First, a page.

So a couple of questions for you. Number one, where have I weighed down others with untruth? Maybe for you, it’s the tendency to flatter. Speak untruth, but do it kindly. Maybe it’s the tendency to try to help yourself, right. It’s the tendency to speak untruth so that we can get something we think is good for us. Maybe that’s your big temptation place. Or maybe it’s the temptation to hurt others with untruth. There’s an anger or bitterness that’s willing to embrace untruth to do the damage that you want to see done. Where do you find that temptation strongest for you? Where are you weighing others down with untruth?
And the second question is just this. What step do I need to focus on to speak the truth in love? Which step do you need to lean into? Being slower to speak? By the way, if you’re wondering if that’s the step? Yes. That’s probably the step for all of us. Okay. But maybe beyond that it also you need to focus on asking that question, is it true, the check your facts. Or maybe it’s the check your motives, is it kind or maybe it’s the check your messaging, be more careful about how we speak so that grace fills our words. And even when we speak hard truth, we can bring them to healthy places. Could you pray with me?
God, we thank you for your Word. Not an easy Word, but we’re grateful for it. And as your people, as your Holy Spirit moves in us right now, we take a moment to confess our sin of untruth, the different ways that we’ve broken this ninth commandment. We’ve spoken things that weren’t true for a variety of motives, but we acknowledge that we have not attained to that higher standard of speaking only truth only in love and so we confess our sin. We admit we’ve done wrong. And we’re so grateful that as we do that, we have forgiveness. And promises that when we confess our sin when we admit our sin, you are faithful and just and you’ll forgive us our sin and cleanse us from this unrighteousness. So, Lord, we confess it to you and we receive your forgiveness and we thank you for lightening the load. We ask that you transform us from the inside out so that we would be people who speak only truth only in love. Hard truth, yes, but always in love. And Lord, we pray right now for those who are listening to this message that have never embraced the truth of your love for them.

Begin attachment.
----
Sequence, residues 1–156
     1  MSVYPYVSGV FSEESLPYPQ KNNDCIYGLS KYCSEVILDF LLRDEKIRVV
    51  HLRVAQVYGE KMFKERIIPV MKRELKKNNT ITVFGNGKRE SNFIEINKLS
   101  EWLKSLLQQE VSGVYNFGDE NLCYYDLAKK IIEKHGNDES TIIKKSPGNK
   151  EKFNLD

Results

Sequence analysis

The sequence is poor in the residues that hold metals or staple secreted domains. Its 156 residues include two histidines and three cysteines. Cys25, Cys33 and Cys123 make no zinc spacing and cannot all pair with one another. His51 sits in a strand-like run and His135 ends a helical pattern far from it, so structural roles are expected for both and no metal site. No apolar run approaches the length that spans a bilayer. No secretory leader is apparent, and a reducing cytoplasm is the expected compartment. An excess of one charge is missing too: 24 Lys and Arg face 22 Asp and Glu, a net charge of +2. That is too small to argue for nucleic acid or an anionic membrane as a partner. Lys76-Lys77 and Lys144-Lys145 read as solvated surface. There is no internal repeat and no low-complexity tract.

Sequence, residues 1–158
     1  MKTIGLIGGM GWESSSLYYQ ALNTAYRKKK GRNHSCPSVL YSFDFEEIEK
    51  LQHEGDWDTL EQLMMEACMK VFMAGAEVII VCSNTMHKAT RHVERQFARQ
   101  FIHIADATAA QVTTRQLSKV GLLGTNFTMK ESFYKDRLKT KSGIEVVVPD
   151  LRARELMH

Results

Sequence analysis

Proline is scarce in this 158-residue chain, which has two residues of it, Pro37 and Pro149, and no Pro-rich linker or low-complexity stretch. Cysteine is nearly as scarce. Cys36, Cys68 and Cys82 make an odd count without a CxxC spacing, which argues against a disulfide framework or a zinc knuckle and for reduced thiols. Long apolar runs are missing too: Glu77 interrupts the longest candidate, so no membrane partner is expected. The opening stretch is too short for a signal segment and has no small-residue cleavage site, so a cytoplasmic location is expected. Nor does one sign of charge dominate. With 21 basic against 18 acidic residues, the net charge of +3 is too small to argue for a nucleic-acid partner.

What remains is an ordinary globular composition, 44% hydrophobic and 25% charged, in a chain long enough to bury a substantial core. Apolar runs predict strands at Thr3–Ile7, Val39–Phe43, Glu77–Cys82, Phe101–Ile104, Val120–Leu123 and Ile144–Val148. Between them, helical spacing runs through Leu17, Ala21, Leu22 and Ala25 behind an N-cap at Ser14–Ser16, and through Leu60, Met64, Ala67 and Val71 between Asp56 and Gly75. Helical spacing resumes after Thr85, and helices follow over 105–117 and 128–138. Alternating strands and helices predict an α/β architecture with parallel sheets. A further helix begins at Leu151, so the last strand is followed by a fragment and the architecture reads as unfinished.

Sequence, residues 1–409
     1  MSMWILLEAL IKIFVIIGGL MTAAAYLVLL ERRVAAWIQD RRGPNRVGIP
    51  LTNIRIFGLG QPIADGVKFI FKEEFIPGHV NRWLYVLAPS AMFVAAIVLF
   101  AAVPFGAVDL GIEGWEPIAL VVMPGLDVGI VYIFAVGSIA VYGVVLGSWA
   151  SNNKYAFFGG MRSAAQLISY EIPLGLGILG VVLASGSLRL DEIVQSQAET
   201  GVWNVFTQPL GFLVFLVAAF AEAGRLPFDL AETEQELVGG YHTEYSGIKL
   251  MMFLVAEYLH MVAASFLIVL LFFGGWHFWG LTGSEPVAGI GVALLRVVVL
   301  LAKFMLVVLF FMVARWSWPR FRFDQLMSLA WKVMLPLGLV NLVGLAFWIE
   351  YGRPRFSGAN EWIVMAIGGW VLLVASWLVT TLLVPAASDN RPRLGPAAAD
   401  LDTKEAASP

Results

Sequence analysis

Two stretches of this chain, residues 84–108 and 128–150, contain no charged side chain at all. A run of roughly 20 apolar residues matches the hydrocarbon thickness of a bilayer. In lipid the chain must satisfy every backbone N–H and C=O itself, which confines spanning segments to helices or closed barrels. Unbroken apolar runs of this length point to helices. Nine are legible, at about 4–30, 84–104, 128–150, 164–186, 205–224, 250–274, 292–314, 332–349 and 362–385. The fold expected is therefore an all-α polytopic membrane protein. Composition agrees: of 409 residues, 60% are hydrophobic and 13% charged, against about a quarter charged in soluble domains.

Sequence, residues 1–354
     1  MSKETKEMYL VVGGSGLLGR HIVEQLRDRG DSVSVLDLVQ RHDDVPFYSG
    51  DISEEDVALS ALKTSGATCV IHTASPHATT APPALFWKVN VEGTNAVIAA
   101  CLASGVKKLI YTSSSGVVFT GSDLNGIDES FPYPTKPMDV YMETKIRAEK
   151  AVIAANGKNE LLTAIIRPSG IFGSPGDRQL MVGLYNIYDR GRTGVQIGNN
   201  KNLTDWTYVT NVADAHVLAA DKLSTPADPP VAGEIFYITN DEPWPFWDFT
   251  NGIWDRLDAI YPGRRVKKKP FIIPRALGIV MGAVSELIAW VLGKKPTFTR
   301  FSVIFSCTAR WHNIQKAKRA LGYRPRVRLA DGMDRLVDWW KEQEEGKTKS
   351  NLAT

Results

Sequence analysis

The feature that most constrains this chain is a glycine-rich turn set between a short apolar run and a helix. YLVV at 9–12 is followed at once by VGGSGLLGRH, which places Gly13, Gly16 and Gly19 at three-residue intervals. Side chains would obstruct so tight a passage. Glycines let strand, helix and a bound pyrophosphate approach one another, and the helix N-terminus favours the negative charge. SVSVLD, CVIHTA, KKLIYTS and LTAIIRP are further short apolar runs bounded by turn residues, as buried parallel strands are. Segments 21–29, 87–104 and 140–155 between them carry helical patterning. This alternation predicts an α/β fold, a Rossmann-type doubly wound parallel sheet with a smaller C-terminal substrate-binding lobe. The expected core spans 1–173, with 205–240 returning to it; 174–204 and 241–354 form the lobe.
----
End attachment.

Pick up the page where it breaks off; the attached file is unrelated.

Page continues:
If you’re listening to this message, maybe for the first time today you heard that God loves you in spite of your sin. And the God who wants to lighten your load, he wants to forgive your sin. He’s done everything required to make that happen, he sent his own Son to die for you. He rose from the dead three days later. That is a fact of history. I’ve checked my facts on that. I’m a follower of Jesus because I believe the evidence is so strong that that actually happened. And Jesus offers us forgiveness from our sin, adoption to the family of God, and eternal life simply by putting your trust in what he’s done for us. If you’ve never had your load lightened by putting your trust in Jesus, I wanna encourage you to do that right here right now. You just have a conversation with God you can say it out loud, you can say in your heart, it doesn’t matter. He hears you either way but speaks this truth right now. Say:
God, I’ve sinned, I’ve done wrong. I’m so sorry. Jesus, thank you for dying on the cross to pay for my sin. I believe you rose from the dead, that’s the truth. And I’m ready to put my trust in that truth. Jesus, would you lighten my load, forgive my sin, give me a relationship with God. Jesus, I’m gonna follow you from here on out. Amen.